Why haven’t these beauties been snapped up? Have the Chinese suddenly gone quiet after it emerged that Joe’s amnesty for illegal purchases of Australian property by foreign investors wasn’t an amnesty at all? It’s an amnesty when you’re not having an amnesty because overseas purchasers could still be done for other offences, such as money laundering, and in the process have their dream homes seized.
This sort of topsy-turvy policy initiative could well be having consequences for the family’s Sydney real estate caper. To make matters worse, the firm’s webpage of customer testimonials, which only weeks ago was groaning with compliments, is now bone dry and empty.
Maybe Jolly Joe’s hex on gay marriage is scaring away foreign buyers, contrary to the expectations of Barnaby Joyce and Young Otto Abetz.
Cabinet has agreed that there should be a “popular vote” on gay marriage, after the election. However, the contest over whether it will be a plebiscite or a referendum is not entirely settled.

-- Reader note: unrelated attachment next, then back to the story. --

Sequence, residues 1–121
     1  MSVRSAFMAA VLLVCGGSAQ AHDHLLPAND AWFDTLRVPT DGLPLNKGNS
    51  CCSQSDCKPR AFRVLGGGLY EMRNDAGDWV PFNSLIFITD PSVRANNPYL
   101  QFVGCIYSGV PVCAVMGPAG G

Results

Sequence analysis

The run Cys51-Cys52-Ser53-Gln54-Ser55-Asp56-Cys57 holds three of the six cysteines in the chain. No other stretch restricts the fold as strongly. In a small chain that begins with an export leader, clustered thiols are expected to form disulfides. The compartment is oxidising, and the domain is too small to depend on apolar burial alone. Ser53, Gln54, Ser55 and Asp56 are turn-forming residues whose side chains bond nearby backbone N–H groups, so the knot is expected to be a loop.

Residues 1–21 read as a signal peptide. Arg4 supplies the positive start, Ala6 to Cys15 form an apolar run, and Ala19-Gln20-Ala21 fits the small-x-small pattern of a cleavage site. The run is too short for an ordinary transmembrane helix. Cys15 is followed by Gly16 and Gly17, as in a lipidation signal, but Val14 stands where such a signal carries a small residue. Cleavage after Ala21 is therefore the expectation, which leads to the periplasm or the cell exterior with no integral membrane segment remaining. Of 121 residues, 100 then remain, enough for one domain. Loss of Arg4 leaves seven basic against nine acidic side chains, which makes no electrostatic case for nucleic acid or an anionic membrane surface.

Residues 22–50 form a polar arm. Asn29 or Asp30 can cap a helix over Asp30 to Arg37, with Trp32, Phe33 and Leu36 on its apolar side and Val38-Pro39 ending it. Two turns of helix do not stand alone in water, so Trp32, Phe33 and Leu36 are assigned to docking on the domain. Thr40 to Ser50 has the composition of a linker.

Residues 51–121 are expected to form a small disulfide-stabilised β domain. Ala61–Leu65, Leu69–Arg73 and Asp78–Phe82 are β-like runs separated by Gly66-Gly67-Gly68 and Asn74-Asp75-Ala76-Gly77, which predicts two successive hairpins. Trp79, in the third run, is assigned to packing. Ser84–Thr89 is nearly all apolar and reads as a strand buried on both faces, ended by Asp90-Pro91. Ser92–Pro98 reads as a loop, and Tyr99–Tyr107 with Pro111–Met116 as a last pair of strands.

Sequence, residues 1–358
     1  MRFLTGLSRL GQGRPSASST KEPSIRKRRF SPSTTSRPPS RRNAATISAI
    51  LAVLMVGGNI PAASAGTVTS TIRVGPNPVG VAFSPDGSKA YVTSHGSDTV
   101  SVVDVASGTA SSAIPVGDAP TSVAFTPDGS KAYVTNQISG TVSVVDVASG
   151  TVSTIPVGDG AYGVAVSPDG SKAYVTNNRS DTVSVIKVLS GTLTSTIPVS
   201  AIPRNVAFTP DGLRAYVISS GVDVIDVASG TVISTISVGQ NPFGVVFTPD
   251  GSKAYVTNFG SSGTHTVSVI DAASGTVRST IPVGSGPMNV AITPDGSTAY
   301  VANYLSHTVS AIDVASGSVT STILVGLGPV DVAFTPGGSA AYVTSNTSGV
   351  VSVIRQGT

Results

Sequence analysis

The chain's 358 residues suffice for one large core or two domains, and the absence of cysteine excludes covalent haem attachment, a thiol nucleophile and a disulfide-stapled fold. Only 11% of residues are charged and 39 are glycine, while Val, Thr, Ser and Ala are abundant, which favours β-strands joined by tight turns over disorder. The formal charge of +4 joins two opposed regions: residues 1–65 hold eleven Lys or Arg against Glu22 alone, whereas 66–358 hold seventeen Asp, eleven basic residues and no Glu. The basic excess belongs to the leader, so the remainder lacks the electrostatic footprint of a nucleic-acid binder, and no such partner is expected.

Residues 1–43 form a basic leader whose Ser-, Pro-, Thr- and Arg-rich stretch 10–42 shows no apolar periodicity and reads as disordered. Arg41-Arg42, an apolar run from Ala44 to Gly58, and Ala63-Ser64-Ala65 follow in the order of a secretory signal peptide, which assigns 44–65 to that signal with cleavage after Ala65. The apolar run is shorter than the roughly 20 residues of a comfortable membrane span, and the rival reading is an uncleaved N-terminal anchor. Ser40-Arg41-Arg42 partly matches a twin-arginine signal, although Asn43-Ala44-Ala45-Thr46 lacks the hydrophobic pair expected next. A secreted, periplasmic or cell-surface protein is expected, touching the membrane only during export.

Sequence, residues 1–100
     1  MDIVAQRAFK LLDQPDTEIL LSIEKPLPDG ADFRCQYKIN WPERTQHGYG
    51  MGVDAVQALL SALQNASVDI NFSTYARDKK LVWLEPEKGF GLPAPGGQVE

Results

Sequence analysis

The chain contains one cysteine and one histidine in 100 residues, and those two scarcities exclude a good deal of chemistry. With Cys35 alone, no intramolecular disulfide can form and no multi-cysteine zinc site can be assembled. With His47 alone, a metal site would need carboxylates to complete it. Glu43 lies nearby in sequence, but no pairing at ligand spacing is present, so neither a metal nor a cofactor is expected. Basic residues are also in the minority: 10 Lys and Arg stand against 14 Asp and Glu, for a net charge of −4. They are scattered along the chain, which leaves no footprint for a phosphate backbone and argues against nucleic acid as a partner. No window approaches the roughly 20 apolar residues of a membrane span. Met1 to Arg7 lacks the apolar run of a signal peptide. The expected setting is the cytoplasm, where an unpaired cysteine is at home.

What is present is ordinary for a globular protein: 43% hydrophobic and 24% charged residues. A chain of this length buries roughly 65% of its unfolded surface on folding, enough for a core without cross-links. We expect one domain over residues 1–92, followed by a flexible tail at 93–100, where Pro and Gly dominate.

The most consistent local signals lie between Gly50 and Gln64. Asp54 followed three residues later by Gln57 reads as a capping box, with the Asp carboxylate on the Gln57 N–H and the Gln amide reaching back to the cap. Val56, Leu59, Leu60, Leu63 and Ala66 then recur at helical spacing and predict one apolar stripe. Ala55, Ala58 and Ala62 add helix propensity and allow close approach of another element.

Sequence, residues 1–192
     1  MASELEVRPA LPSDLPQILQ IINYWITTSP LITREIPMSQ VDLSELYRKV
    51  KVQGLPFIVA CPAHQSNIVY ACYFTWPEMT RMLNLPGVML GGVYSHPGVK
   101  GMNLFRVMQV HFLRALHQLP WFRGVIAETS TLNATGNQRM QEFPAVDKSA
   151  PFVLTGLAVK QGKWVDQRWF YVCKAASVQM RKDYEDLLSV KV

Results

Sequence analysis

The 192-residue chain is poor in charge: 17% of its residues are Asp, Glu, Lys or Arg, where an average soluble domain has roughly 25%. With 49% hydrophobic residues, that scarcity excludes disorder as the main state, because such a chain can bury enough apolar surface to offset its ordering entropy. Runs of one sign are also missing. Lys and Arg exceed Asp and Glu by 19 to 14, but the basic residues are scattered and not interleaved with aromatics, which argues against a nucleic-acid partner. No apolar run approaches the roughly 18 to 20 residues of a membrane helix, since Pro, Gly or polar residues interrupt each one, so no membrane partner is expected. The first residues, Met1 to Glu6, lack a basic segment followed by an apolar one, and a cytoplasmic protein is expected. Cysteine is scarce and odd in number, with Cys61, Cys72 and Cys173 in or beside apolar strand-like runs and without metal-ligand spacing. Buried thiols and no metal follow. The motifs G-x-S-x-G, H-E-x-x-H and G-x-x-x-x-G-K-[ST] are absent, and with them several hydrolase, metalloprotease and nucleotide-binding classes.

Plebiscites allow the plebs to express a non-binding view on things, while a referendum is to change the constitution, which doesn’t need changing because the High Court has already said in the Marriage Act case that it’s just a matter for parliament to flip the switch.
PM Abbott said he was opposed to a referendum on marriage equality after the Irish used a referendum to add to their constitution the following provision: “Marriage may be contracted in accordance with law by two persons without distinction as to their sex.”
That was carried by over 62 per cent of the voters in May. At the time Abbott favoured any change here being left to the parliament. Now that a same-sex marriage bill has been introduced into parliament the PM thinks it’s not up to parliament, it’s up to the people.
However, the PM may have forgotten his constitutional classes and the requirement that to have a referendum there first must be a law passed by an absolute majority of each house of parliament. That law then needs the support of a majority of voters in a majority of states.
So if the Abbott plan ever eventuates, Liberals will need to vote on it in the reps and the senate. If it’s a “conscience” vote, Abbott would then be voting in the parliament against the bill he needs for his referendum.